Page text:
Articles written for AUFBAU by Leonard J. Lehrman

A Visit to Franconia through Jewish Eyes:
Singing Yiddish in Bayreuth:

AUFBAU 62:16 Aug. 2, 1996 p16
Copyright by Leonard J. Lehrman & AUFBAU July 16, 1996
1957 words

"Does Herr Wagner speak English, or only German?" I asked Peter Emmerich, Bayreuth's press department chief who had arranged for us to meet with 76-year-old Wolfgang Wagner, grandson of the composer Richard Wagner and Intendant of the Bayreuth Festival since the death of his brother Wieland thirty years ago. "Actually he speaks Oberfraenkisch," came the answer with a chuckle.

The July 5 meeting came off splendidly. We began with an exchange of presents: the American singers Helene Williams, Ronald Edwards and I were each given copies of the 214-page festival program book, along with guided tours of both the Festspielhaus and the city of Bayreuth; we presented Herren Wagner and Emmerich with a copy of our October 30, 1994 William Cullen Bryant Bicentennial Long Island Composers Alliance Concert CD, featuring 13 settings by 13 American composers of poems by America's first poet to achieve international recognition; and then, on the stage of Probebhne III, we performed for him a setting of mine for soprano-tenor duet and piano of Leyb Naydus' poem "In der Fremd" - in Yiddish. Being connoisseurs of Mittelhochdeutsch, as one must be in order to comprehend Wagner libretti fully, both gentlemen clearly understood every word as it was read to them before being sung - except the last one: "Sof," which I explained is the final letter of the (Ashkenazic) Hebrew or Yiddish alphabet.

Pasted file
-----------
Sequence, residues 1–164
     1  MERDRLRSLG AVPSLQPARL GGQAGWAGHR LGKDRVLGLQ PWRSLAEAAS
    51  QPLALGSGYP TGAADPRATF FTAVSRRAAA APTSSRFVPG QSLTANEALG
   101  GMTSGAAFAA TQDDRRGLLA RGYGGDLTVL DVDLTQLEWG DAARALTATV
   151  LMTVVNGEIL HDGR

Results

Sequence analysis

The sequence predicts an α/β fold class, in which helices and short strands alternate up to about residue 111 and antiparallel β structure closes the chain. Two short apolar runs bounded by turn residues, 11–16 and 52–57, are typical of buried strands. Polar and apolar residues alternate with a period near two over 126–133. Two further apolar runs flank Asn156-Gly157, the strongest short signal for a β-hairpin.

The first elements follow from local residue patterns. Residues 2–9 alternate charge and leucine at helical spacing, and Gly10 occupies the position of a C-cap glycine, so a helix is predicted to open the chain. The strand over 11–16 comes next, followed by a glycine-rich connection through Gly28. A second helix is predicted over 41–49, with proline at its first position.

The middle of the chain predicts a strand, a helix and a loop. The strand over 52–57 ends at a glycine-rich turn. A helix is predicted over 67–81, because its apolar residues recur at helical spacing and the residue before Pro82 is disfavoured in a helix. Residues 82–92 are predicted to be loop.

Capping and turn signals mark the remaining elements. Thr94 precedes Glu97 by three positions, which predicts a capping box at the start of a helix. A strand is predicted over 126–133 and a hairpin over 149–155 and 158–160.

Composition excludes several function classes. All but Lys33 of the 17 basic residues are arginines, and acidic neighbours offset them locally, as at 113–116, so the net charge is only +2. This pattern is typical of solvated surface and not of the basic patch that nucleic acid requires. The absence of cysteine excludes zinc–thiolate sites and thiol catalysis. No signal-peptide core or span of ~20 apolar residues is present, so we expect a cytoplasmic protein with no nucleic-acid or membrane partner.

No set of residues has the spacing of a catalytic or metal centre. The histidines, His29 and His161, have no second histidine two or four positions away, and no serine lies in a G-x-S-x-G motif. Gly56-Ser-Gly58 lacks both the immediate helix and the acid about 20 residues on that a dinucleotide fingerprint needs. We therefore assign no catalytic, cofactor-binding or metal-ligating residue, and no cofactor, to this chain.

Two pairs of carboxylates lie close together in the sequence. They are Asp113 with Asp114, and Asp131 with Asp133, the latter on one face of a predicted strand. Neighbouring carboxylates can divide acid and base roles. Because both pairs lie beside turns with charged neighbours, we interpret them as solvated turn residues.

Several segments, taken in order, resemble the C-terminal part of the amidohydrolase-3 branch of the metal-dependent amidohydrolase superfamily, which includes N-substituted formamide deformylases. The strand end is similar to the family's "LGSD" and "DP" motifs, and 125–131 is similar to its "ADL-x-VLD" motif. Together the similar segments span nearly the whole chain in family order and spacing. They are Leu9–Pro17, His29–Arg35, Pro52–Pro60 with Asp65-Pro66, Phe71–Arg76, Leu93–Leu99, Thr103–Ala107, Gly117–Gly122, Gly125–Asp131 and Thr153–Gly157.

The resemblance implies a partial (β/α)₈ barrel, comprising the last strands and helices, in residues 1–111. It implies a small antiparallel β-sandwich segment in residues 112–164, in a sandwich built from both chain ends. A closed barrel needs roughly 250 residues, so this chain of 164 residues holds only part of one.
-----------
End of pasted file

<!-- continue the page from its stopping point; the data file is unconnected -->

Clearly delighted at the performance, both applauded warmly, and Herr Wagner pronounced himself honored to have been treated to it. Then came the hard questions: My song, which was broadcast on ZDF German TV and Jerusalem Radio a decade ago and has been heard throughout the U.S. and Europe, was in fact originally inspired by Richard Wagner's Tannhaeuser, on which I coached heldentenor Karl Walther Boehm in Bremerhaven fifteen years ago. I love and feel inspired by so much of Wagner's music. But what can I do, what can I say to those hundreds - nay thousands of Jews in America and elsewhere who say they will not willingly set foot on German soil (again or ever) as long as they live, because of the anti-Semitism they feel emanating from that country, and particularly Bayreuth and the Wagner tradition.